Students in tears after binge drinking
University students have been phoning a drug and alcohol helpline in tears following their binge drinking experiences.
The Alcohol Drug Association (ADA) said it recently ran a nationwide survey of student drinking and discovered some concerning habits.
It found a third of students had blacked out during binge drinking, and 37 per cent reported binge drinking at least once in the past week.
ADA chief executive Cate Kearney said calls received by the Alcohol Drug Helpline included a 19-year-old woman at a South Island university.
"I just can't do this any more," she said.
"I can't recall what I've done or who I've done it with. I'm feeling sick with embarrassment and shame. You should see all the bruises I've got.
"I don't know how I got them. You've no idea what it's like. Everyone does it. There's no such thing as having a few drinks."
A 22-year-old male North Island university student was in tears during his call and said he had seriously injured himself without knowing how and was worried about it happening again.
"Man, it's so hard because weekends are drinking time," he said.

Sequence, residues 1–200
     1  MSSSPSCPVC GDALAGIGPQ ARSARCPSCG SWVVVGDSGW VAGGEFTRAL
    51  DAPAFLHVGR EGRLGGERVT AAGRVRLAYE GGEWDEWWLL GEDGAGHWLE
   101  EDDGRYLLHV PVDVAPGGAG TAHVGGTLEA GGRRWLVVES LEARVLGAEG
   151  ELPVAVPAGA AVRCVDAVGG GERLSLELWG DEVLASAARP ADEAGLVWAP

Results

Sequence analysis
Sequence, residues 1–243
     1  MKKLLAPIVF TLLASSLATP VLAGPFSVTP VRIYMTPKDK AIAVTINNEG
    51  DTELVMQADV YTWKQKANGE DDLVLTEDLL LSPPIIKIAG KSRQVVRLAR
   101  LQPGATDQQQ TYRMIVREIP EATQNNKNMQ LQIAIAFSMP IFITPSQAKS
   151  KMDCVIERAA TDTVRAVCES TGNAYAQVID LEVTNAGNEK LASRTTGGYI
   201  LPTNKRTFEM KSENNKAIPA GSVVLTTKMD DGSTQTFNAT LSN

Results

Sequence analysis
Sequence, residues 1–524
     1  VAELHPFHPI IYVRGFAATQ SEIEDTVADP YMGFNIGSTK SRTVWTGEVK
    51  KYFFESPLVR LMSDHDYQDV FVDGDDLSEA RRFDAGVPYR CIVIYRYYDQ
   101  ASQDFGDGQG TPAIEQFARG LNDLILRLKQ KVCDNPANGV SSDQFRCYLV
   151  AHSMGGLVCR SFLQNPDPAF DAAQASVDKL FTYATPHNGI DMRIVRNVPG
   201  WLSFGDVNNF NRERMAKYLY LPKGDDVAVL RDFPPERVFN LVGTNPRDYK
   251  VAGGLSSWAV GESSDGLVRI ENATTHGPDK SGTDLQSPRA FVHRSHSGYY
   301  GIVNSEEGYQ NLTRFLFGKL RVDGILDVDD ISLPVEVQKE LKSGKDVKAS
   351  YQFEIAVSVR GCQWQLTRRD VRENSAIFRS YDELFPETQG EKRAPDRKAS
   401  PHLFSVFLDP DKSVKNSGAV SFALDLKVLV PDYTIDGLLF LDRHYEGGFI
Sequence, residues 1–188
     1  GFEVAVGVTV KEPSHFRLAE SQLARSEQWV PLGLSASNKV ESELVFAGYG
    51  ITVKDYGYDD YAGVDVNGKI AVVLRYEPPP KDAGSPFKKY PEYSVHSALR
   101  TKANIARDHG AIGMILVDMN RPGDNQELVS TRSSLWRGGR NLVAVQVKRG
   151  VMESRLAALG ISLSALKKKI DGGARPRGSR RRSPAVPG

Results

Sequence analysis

"But I'm going to have to stop drinking if I don't want to stuff this up too. Look how can I possibly get out of this? It's lonely enough being away from my family."
Ms Kearney said the results of the survey came as no surprise given the calls that came in on a regular basis.
"What is particularly concerning is that a third of students surveyed reported blacking out during their binge drinking, and that 37 per cent reported one or more binge drinking episodes in the past week," she said.
Ms Kearney said young people were reflecting New Zealand's culture of binge drinking.
Alcohol regulation and misuse needed to be an important issue for the new government.
The Helpline calls suggested it was alcohol rather than methamphetamine that was the scourge of New Zealand, Ms Kearney said.
The web-based survey covered the drinking habits over a four-week period of 2548 students from five universities.